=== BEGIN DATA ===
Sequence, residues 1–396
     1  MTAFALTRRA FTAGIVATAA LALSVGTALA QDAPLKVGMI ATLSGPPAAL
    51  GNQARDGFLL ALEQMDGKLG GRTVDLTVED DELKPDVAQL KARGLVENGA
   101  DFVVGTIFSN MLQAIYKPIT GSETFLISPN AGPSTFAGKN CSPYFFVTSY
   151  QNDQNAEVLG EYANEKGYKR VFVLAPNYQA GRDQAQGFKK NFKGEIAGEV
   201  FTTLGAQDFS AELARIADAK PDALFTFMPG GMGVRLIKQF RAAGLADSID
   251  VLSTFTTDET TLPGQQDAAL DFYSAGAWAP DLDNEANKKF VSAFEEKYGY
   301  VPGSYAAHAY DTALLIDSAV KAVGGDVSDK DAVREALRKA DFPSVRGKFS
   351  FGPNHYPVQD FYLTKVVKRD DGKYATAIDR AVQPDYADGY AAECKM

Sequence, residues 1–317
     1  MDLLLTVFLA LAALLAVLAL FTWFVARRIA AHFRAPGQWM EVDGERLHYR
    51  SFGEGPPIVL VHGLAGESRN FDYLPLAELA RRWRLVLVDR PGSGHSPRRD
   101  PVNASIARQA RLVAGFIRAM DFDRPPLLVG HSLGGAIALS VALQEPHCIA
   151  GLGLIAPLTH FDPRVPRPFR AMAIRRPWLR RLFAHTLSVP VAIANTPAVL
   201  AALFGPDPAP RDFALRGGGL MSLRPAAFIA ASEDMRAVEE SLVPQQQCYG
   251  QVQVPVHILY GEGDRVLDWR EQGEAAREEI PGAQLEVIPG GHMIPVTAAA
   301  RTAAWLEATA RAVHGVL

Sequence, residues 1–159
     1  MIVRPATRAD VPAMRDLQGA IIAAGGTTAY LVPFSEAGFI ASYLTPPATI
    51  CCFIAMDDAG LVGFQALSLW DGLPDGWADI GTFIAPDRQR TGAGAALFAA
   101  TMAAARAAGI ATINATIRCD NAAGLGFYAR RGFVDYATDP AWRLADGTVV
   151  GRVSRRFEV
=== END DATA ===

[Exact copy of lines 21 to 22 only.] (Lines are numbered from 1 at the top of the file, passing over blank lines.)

   101  TMAAARAAGI ATINATIRCD NAAGLGFYAR RGFVDYATDP AWRLADGTVV
   151  GRVSRRFEV